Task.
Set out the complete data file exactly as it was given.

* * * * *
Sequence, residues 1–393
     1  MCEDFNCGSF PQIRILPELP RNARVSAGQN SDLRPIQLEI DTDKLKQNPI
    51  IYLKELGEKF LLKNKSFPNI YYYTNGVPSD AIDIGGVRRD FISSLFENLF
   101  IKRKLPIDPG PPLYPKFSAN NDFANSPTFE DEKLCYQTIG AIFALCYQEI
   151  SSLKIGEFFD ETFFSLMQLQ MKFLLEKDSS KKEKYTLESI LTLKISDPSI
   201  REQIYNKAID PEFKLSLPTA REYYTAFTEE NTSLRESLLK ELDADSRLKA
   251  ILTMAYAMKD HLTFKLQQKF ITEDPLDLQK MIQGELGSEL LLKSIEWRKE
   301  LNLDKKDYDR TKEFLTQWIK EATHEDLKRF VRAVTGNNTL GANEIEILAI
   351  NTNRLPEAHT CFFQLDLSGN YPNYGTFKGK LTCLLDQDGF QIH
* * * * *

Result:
Sequence, residues 1–393
     1  MCEDFNCGSF PQIRILPELP RNARVSAGQN SDLRPIQLEI DTDKLKQNPI
    51  IYLKELGEKF LLKNKSFPNI YYYTNGVPSD AIDIGGVRRD FISSLFENLF
   101  IKRKLPIDPG PPLYPKFSAN NDFANSPTFE DEKLCYQTIG AIFALCYQEI
   151  SSLKIGEFFD ETFFSLMQLQ MKFLLEKDSS KKEKYTLESI LTLKISDPSI
   201  REQIYNKAID PEFKLSLPTA REYYTAFTEE NTSLRESLLK ELDADSRLKA
   251  ILTMAYAMKD HLTFKLQQKF ITEDPLDLQK MIQGELGSEL LLKSIEWRKE
   301  LNLDKKDYDR TKEFLTQWIK EATHEDLKRF VRAVTGNNTL GANEIEILAI
   351  NTNRLPEAHT CFFQLDLSGN YPNYGTFKGK LTCLLDQDGF QIH